Lecturer: Internet surveillance has benefits and drawbacks

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Photo Credit: Mariana Munoz | Daily Texan Staff

Internet surveillance is inevitable and sometimes beneficial, but use of informatiion gathered through servailance must be regulated, according to a lecturer Thursday at the 14th Annual sequels Symposium.

Jeremy Dean, a former education czar at Rap Genius, spoke about the benefits and dangers of internet surveillance the symposium, an annual event sponsored by the Ethnic and Third World Literatures specialization in the department of English. Rap Genius is a community-edited website, similar to Wikipedia, that allows users to annotate hip hop lyrics and other texts.

Internet surveillance can  be beneficial for companies because it can allow them to gather information about potential customers and adjust products to suit their needs, according to Dean.

“The surveillance and transformation of data into useful information is part of the revolution of the Internet,” Dean said.

However, Dean said Internet surveillance can also have negative effects, such as gathering personal information without an individual's consent. He compared the Internet to the Panopticon, a building designed so the interior of all rooms are visible from a single, central point.

“There is a line of state and corporate surveillance that we should resist,” Dean said.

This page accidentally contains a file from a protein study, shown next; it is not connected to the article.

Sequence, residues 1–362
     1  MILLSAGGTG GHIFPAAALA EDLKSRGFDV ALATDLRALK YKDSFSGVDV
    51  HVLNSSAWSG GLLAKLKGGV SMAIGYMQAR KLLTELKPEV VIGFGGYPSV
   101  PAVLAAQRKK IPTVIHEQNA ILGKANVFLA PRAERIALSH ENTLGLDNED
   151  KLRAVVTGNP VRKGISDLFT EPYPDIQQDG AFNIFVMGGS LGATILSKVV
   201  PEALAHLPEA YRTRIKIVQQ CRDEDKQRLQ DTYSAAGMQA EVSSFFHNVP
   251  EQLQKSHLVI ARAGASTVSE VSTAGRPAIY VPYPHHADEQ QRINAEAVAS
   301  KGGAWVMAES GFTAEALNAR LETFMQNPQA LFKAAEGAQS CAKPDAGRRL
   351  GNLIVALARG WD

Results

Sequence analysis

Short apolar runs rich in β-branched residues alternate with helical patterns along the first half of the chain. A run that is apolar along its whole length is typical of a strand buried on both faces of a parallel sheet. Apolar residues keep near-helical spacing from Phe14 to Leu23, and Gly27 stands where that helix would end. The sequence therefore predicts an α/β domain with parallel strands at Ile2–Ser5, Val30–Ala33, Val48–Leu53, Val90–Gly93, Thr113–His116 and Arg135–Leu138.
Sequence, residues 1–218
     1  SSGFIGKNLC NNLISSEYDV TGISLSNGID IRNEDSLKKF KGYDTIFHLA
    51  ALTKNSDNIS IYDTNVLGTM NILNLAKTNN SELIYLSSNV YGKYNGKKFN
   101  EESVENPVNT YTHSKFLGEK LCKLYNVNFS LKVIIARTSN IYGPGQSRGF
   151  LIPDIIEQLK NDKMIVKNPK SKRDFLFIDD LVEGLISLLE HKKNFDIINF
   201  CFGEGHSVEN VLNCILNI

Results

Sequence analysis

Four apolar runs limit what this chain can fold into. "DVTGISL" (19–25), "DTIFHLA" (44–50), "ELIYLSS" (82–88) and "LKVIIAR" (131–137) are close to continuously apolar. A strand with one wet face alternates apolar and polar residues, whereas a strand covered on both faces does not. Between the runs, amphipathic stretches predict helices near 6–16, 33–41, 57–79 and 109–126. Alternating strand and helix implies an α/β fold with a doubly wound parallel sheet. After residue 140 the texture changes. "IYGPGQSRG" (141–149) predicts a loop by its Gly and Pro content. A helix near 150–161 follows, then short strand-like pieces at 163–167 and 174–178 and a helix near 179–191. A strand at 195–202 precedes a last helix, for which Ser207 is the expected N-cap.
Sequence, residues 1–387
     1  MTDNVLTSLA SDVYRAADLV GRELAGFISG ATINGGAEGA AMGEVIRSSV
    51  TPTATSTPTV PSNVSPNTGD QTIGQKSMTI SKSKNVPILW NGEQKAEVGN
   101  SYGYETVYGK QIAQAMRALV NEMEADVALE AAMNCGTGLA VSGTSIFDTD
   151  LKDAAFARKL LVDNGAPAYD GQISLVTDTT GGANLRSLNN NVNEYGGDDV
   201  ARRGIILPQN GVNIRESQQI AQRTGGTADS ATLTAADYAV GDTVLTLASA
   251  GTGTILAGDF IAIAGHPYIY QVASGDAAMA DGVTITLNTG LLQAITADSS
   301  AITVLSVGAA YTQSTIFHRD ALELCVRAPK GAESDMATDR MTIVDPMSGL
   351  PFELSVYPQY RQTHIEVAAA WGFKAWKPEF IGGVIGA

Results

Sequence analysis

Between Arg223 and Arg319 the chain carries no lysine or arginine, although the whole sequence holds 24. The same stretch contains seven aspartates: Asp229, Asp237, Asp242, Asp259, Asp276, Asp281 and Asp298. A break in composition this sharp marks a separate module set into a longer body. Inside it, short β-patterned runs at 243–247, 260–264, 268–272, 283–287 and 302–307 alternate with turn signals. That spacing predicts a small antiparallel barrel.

Companies gather information from their users and are often able to sell this information to advertisers, according to Dean.

“The Internet tracks our every move as we browse their sites for free,” Dean said. “We are not the customers of Facebook; we are the product.”

Surveillance as a tool of knowledge distribution and as a tool of knowledge control utilizes the same underlying technology and often comes from the same companies, according to Dean.

“Companies such as Amazon organize information for us as they access information about us,” Dean said.

Jessica Egan, English graduate student and assistant instructor in the department of rhetoric, says she sees the possibility for learning as well as for harm.

“I think collaborative editing is exciting, productive and interesting,” Egan said. “But it is interesting to see the potential dark side of that. This surveillance culture is sort of feeding this capitalist system rather than being a way to challenge it,”

English graduate student Lauren Grewe said surveillance is a hot issue for some activists, but she does not see surveillance as a significant interference to her online activities.

“Online surveillance concerns me, but it doesn’t interrupt my life,” Grewe said.